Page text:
Snakes and Ladders
Hugh St.Lawrence and Keith Pacey
We had a
new weapon at the farm. Unbeknown to Mr and Mrs Pacey of
potholers, not simply the one as they had originally imagined. The second speleological outcome of their fruitful union was actually the firstborn, sending his kid brother out to prepare the universe for the arrival of the true supernova.
So there we were in Pippikin, me, Neil, Ange - and Keith, for that is his name, stuck in a squeeze. In fact he was stuck in all of them and I was beginning to feel a bit shaky on the Nostrodamus vibes. Was the new star waning before he’d shone - or even glimmered? I need not have feared, it was just a matter of acquiring a little technique, some finesse. Now the thing was to groom this new talent, to channel its prodigious flair into some useful application. Not for him the easy cop out of Saturday SRT jaunts. No, what this lad needed was some solid digging experience. I had just the place’
Bullpot of the Witches, I said and told Keith to put his gear on. After all there was little else to do now Hawkeye had turned the sounds off and there was a dead sheep in the tea line. Soon the star was changed, looking in his tatty green overalls like a cross between Kermit the Frog and an accident at Sellafield. Meanwhile I had been going through the passage in my mind - reckoned that I could just get a rigid ladder down there.
We waited until Hawkeye was safely stuck halfway into his oversuit in the changing room - then we made our move. Nabbing a 15ft wooden ladder from the farm passage we beat it down the track and lowered the ladder into the open pot. This also meant we enjoyed the luxury of a fixed ladder down the easy pitches and in no time we were manoeuvring our fixed aid into Burnetts Passage. At this point Keith asked me what windows we were going to clean
The window we were going to “clean” was in the junction chamber shortly before Burnetts Great Chamber. Up in the roof, and strangely missed by Bullpot addicts of old like Duncan Baldwin, was an aven with a passage appearing to lead off the top. We leant the ladder up against the wall and I went up and put a bolt in, perched precariously on the top rung, while Keith kept me tensioned with a line. Another bolt would now be needed but would be difficult to place, so I hung an electron and descended to think it out (le. have a fag).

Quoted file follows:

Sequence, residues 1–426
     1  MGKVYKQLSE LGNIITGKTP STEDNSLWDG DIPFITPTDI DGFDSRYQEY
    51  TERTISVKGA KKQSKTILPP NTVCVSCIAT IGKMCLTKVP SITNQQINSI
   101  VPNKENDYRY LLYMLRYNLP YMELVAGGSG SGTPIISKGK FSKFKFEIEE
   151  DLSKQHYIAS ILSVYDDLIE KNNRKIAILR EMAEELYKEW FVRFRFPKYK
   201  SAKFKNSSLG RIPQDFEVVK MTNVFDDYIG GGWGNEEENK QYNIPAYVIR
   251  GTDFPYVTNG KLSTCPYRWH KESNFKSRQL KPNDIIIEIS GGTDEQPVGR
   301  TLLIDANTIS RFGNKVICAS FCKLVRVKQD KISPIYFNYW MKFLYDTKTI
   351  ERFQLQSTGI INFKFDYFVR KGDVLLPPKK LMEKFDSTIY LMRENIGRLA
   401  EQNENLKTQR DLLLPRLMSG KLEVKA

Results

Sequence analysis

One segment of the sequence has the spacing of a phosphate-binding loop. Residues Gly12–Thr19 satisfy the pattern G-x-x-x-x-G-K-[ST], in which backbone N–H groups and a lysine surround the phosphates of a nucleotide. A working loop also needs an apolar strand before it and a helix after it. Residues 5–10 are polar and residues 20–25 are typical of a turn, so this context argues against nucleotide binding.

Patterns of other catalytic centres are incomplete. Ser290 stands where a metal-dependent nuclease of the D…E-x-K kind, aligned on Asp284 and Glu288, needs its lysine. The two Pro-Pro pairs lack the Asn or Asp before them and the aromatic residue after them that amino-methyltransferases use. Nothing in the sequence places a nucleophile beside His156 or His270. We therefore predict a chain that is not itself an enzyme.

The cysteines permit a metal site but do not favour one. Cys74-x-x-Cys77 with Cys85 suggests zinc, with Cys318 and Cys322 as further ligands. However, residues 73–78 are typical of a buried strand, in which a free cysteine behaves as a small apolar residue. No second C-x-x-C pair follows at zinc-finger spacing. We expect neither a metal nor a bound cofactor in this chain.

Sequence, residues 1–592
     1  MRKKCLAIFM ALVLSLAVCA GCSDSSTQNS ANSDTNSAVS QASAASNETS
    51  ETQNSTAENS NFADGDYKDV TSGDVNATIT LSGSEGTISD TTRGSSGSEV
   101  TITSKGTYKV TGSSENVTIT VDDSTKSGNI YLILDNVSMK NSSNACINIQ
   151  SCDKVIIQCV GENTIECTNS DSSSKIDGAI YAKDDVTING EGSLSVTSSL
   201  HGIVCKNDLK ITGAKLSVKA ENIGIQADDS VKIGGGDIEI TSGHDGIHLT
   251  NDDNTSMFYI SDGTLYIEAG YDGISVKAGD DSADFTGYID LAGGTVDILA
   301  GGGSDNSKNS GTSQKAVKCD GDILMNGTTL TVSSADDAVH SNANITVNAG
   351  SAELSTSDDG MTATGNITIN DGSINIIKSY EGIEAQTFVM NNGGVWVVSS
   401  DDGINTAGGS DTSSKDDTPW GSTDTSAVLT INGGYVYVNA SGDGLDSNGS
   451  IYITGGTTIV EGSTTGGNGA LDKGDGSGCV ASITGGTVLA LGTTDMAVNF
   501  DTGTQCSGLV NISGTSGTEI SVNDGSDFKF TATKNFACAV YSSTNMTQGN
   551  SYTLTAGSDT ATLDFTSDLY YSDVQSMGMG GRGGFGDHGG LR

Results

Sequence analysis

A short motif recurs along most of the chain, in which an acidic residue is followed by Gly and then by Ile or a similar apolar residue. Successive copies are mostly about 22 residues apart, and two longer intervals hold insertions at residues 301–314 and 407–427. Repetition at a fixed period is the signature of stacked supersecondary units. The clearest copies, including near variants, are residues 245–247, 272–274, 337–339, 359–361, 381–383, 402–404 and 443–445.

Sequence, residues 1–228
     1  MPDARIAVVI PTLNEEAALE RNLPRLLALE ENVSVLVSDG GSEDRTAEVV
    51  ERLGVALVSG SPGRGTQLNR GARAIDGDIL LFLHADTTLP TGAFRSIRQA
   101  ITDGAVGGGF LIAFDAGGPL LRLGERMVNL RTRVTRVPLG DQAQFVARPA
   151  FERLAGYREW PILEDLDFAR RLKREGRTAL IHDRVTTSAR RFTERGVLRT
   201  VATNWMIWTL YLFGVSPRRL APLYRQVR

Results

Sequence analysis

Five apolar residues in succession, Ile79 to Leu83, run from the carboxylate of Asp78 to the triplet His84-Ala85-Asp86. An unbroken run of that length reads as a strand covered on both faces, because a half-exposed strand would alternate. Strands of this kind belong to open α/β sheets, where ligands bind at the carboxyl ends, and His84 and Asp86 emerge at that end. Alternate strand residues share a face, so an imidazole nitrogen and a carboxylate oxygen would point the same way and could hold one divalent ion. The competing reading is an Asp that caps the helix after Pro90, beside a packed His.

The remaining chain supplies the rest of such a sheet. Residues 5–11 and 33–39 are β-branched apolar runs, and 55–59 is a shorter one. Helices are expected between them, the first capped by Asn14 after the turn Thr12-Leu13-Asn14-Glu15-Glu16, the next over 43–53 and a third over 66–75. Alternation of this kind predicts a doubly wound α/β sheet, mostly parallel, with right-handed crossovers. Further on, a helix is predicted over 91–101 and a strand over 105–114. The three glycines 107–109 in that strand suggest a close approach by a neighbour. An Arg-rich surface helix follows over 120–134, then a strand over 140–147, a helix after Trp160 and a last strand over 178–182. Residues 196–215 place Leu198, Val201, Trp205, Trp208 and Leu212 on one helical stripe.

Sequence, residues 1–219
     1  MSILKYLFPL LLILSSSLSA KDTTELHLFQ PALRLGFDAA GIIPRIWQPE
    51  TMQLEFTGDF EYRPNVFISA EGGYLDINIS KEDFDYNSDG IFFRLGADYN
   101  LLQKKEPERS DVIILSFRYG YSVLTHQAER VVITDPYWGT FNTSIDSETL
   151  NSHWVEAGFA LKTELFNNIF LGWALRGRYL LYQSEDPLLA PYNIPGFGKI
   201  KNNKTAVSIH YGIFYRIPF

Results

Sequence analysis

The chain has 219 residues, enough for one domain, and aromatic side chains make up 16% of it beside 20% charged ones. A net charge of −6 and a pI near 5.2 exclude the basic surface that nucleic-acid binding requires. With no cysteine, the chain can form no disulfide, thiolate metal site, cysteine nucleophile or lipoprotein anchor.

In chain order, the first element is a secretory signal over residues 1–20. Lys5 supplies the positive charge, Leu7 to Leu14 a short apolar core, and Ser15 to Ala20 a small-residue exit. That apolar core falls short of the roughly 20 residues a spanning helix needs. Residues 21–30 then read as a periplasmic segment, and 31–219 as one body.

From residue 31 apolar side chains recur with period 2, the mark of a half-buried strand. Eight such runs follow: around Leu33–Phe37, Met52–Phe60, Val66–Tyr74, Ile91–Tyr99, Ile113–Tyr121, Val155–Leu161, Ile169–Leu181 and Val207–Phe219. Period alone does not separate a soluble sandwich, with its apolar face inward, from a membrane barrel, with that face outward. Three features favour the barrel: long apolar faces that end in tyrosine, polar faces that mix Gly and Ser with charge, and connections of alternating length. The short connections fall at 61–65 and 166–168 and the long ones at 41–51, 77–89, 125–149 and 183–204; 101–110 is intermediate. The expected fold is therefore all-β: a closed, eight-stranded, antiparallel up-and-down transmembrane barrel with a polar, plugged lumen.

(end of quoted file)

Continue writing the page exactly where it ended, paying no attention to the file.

It didn’t look too good until I had the bright idea of pulling the wooden ladder up and laying it off the ledge above the bolt into the aven. No sooner said than the pocket rocket was up at the bolt hoisting the wooden ladder into the heights. There now ensued the type of circus act that keeps pulling them in at Billy Smarts. I hid behind a rock as I wasn’t sure if my nerves would stand it, but I could tell what was going on from the noise, a cacophony of grunts, oohs and aahs, sharp cries of pain and anguish, gasps for breath, unprintable four letter words, the knock and scrape of wood on stone, sounds not unlike someone nearing climax, the groan of. Watching this I knew my predictions had been right, “Whatever you do, don’t drop it!” I was not surprised to learn that this voice was mine.
With the pocket rocket contorted at full stretch and tip toe on a nubbin, the ladder balanced on his index finger like pile of spinning plates, it was the moment of truth. “Clank!”, the ladder fell into the passage and held.
I’ll go up and have a look now”, I said, nonchalantly coming out from behind my
boulder. But the pocket rocket was not to be parted from his lifeline and after
a quick breather and resorting of runners, he set off
fearlessly across the bridge. This was no mean feat as it involved an overhang
move with a heelhook onto the ladder. Watching this I
knew my predictions had been right, a star had been born!
The aven sloped up to a small “lobby” but there wasn’t room for two. “Is there a passage going off?” I asked anxiously. “Yes, I’ll go and have a look at it”, came the reply. Keith came back and I had a shot at the heelhook (entertaining!) and a squint at the crawl.
“lobby” a short crawl under a mud bridge enlarged to a small trench turning
right (north) and then rising as a left hand bend levelled
the crawl out to a gravel choke. The interesting thing was that this was a phreatic passage and the roof had started to dip downhill.
No surface vadose inlet this one. Where was it going?
I scrabbled a bit at the choke but I realised I
needed tools. It was time for tea.
On the way out the PR confided that if he was going to take up caving seriously then this was the sort of thing he wanted to do - exploration at the sharp end! Pete, help is now on hand
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